What is a Cryptocurrency?

Cryptocurrency is a virtual or digital currency that is protected by cryptography, ensuring that it is less vulnerable to counterfeiting. Most cryptocurrencies are decentralised networks based upon blockchain technology, enforced by a widespread computer network. One of the defining characteristics of cryptocurrency is that it is a non-government issued currency, effectively immune to government manipulation or interference. The most popular form of cryptocurrency is Bitcoin, but there are other cryptocurrencies, including Litecoin, Ripple, Ethereum and Zcash.

Is Cryptocurrency legal?

There is an undeniable link between cryptocurrencies and criminal activity. Authorities have found connections between the currency and money laundering, tax evasion and ponzi schemes. However, ownership of cryptocurrency is not itself illegal. Many people have purchased the currency for investment purposes or to capitalise on rewards and discounts offered for the use of the currency. Cryptocurrency was declared legal in Australia in 2017 and the country has been surprisingly progressive in embracing cryptocurrency and implementing regulations on the currency. The Australian government has established that cryptocurrencies such as Bitcoin are property under the law and subject to Capital Gains Tax.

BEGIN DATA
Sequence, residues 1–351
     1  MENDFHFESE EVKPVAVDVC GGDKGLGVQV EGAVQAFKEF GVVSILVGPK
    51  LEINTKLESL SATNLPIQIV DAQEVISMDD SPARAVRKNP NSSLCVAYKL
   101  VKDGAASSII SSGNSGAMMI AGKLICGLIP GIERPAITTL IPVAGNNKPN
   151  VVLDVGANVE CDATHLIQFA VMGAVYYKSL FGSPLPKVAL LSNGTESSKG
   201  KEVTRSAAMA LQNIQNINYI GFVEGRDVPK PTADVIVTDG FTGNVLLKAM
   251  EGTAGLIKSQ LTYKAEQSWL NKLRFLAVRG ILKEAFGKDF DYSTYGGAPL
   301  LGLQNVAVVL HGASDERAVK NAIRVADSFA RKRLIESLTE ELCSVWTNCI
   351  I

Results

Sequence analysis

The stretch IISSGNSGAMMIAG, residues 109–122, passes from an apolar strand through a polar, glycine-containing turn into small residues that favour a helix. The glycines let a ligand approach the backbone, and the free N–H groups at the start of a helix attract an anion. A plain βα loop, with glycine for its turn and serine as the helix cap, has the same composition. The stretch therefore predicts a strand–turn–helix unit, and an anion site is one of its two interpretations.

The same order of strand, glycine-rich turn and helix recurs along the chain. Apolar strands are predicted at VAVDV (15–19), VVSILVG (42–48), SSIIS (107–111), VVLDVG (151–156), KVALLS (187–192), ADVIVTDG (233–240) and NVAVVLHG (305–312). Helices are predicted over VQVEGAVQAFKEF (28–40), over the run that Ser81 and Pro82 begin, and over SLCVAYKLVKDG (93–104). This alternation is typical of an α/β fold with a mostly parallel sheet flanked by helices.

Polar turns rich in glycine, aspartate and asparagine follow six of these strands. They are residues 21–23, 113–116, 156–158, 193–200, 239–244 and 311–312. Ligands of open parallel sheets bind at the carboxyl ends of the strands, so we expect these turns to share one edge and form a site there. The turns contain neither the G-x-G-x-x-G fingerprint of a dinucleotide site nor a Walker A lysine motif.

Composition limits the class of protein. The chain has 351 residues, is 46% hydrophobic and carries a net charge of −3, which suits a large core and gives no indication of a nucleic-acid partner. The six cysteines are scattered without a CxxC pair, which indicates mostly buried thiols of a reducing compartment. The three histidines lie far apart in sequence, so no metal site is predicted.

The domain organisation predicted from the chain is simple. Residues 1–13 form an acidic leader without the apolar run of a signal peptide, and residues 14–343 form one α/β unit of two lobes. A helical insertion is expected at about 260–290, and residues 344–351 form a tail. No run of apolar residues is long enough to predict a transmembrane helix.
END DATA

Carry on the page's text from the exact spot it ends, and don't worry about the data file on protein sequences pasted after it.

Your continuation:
Valuing Cryptocurrency for a Divorce Settlement

Cryptocurrency has an exchange rate and can be converted into dollars. The value of cryptocurrency has fluctuated wildly over the last few years, dropping as much as 20% in a few hours. In 2016, one Bitcoin could be purchased for $200 Australian dollars, but by 2017, one Bitcoin was worth $19,783. This is one factor that makes valuing cryptocurrency so difficult for a divorce settlement. In order to provide a greater degree of certainty, it may be preferable for crypto assets to be converted into cash and contributed to the asset pool in a more stable form, but this will not always be appropriate or desirable. As such, the volatility of the asset value may need to be incorporated into a consideration of the asset division.